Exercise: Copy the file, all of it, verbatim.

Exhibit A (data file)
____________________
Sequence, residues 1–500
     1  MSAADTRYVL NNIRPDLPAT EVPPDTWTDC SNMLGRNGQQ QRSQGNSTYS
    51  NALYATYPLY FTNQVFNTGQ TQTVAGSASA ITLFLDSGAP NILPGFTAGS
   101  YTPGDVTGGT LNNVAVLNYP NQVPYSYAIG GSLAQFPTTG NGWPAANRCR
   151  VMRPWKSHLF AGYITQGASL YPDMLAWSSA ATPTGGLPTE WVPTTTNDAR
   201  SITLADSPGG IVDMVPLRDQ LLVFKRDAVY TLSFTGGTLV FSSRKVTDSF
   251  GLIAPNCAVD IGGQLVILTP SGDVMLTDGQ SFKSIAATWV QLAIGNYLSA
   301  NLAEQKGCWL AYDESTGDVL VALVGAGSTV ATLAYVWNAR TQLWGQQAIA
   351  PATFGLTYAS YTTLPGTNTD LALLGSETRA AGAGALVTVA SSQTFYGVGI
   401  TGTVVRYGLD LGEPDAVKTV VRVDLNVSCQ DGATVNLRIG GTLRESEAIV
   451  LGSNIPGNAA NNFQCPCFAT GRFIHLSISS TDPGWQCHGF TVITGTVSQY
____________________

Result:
Sequence, residues 1–500
     1  MSAADTRYVL NNIRPDLPAT EVPPDTWTDC SNMLGRNGQQ QRSQGNSTYS
    51  NALYATYPLY FTNQVFNTGQ TQTVAGSASA ITLFLDSGAP NILPGFTAGS
   101  YTPGDVTGGT LNNVAVLNYP NQVPYSYAIG GSLAQFPTTG NGWPAANRCR
   151  VMRPWKSHLF AGYITQGASL YPDMLAWSSA ATPTGGLPTE WVPTTTNDAR
   201  SITLADSPGG IVDMVPLRDQ LLVFKRDAVY TLSFTGGTLV FSSRKVTDSF
   251  GLIAPNCAVD IGGQLVILTP SGDVMLTDGQ SFKSIAATWV QLAIGNYLSA
   301  NLAEQKGCWL AYDESTGDVL VALVGAGSTV ATLAYVWNAR TQLWGQQAIA
   351  PATFGLTYAS YTTLPGTNTD LALLGSETRA AGAGALVTVA SSQTFYGVGI
   401  TGTVVRYGLD LGEPDAVKTV VRVDLNVSCQ DGATVNLRIG GTLRESEAIV
   451  LGSNIPGNAA NNFQCPCFAT GRFIHLSISS TDPGWQCHGF TVITGTVSQY